Twenty years after its debut in theaters, The Matrix remains an exhilarating experience, not simply an homage to cyberpunk novels and Hong Kong martial arts films but a technical marvel of truly inventive filmmaking. Directors Lana and Lilly Wachowski drew from the fringes and the mainstream of contemporary pop culture to synthesize the philosophy of Jean Baudrillard, the playfulness of Grant Morrison, and the fluency of Katsuhiro Otomo’s visual style into something that—very much to its credit—could only exist as a movie.

Hong Kong fight choreographer Yuen Woo-ping, whose directorial debut Snake in the Eagle’s Shadow (1978) and second film Drunken Master (1978) established—with star Jackie Chan—the template for fusing comedy and kung fu, was hired to help give The Matrix a world-within-a-world sense of movement and identity, and in the process helped shape what fight scenes and video games would look like in the 21st century.

Keanu Reeves now seems universally loved in a way that’s certain to fall apart before too long, but he’s among a tremendous international cast in The Matrix (including Laurence Fishburne and Carrie-Anne Moss) that grounds the sci-fi smorgasbord behind them in the lived slights and frustrations of the modern world.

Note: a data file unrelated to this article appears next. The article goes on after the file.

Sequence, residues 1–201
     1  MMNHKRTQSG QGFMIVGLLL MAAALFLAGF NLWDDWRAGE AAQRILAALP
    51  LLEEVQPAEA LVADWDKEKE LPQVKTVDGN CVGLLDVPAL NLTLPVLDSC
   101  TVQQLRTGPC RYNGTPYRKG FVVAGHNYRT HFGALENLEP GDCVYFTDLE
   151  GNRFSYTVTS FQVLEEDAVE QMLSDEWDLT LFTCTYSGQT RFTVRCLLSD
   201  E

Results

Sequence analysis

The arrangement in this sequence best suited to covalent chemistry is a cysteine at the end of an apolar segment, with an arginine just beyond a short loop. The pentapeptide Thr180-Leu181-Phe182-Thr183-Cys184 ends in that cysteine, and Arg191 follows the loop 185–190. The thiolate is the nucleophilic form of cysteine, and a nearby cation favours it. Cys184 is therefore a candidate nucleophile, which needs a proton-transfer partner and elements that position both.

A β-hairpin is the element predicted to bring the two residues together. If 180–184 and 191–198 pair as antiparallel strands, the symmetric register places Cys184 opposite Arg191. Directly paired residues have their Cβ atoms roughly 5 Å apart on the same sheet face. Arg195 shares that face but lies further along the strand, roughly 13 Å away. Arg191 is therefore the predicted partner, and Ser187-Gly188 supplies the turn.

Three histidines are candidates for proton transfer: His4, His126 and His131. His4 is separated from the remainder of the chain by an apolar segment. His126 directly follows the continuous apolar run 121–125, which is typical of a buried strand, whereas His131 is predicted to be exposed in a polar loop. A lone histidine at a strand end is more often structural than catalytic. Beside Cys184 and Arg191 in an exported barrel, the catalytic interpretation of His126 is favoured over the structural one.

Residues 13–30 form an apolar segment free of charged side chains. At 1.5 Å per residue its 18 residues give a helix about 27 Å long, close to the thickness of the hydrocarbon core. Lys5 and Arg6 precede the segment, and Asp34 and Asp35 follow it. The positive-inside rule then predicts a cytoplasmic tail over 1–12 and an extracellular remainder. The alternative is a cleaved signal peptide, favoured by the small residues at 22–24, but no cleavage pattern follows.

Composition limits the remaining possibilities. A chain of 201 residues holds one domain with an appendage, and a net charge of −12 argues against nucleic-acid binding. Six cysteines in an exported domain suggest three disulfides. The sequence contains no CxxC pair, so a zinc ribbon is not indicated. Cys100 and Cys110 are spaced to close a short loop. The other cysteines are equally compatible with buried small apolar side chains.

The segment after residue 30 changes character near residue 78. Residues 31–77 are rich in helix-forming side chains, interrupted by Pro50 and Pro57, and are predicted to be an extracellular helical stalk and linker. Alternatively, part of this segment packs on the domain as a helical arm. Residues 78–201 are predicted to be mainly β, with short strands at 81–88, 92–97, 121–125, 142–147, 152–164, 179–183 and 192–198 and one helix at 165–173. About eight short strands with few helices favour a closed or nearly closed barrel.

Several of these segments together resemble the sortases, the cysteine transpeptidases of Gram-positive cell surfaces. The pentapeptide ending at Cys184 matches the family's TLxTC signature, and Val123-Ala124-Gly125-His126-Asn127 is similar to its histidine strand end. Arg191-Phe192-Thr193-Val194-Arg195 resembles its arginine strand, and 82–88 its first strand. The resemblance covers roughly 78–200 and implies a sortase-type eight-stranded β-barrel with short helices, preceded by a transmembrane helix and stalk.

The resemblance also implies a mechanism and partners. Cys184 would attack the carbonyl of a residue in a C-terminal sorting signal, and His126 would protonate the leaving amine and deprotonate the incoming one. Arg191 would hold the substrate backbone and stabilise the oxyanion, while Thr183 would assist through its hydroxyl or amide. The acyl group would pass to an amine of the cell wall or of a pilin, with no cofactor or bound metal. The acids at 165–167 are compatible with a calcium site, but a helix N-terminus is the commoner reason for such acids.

Smart, funny, self-aware, and bigger than life, the film is a great way to celebrate American ingenuity (the Wachowskis hail from Chicago) and collaboration across cultures on our nation’s birthday weekend.

Please join us for The Matrix (1999, 136 minutes) this Friday, July 5, at 7:00 pm in CERIA 365.

Free and open to all UNM students. Enter CERIA through the front doors by the fountain.

This movie is a part of our “How Have You Not Seen This?” Summer Film Series, curated by Film & Digital Arts major Jodie Calhoun.

Game Event at Sandia Labs

Game Event at Sandia Labs

The Project on Nuclear Gaming (PoNG) invites you to play SIGNAL! SIGNAL is an online experimental wargame designed as a new data-generating process for studying nuclear deterrence and conflict escalation. Our team recently published on next generation...

Film & Digital Arts Movie Night

Film & Digital Arts Movie Night

Please join us for Chinatown (1974, 131 minutes) this Friday, July 26, at 7:00 pm in CERIA 365. Free and open to all UNM students. Enter CERIA through the front doors by the fountain. “It’s the Los Angeles that is at the edges of my memory: the Los Angeles...

Film & Digital Arts Movie Night

Film & Digital Arts Movie Night

Louis Kahn designed the Kimbell Art Museum’s original building—a landmark of modern architecture—that opened in Fort Worth in 1972, six years after Dallas mayor J. Erik Jonsson articulated his “Goals for Dallas” in an effort to improve the city’s...

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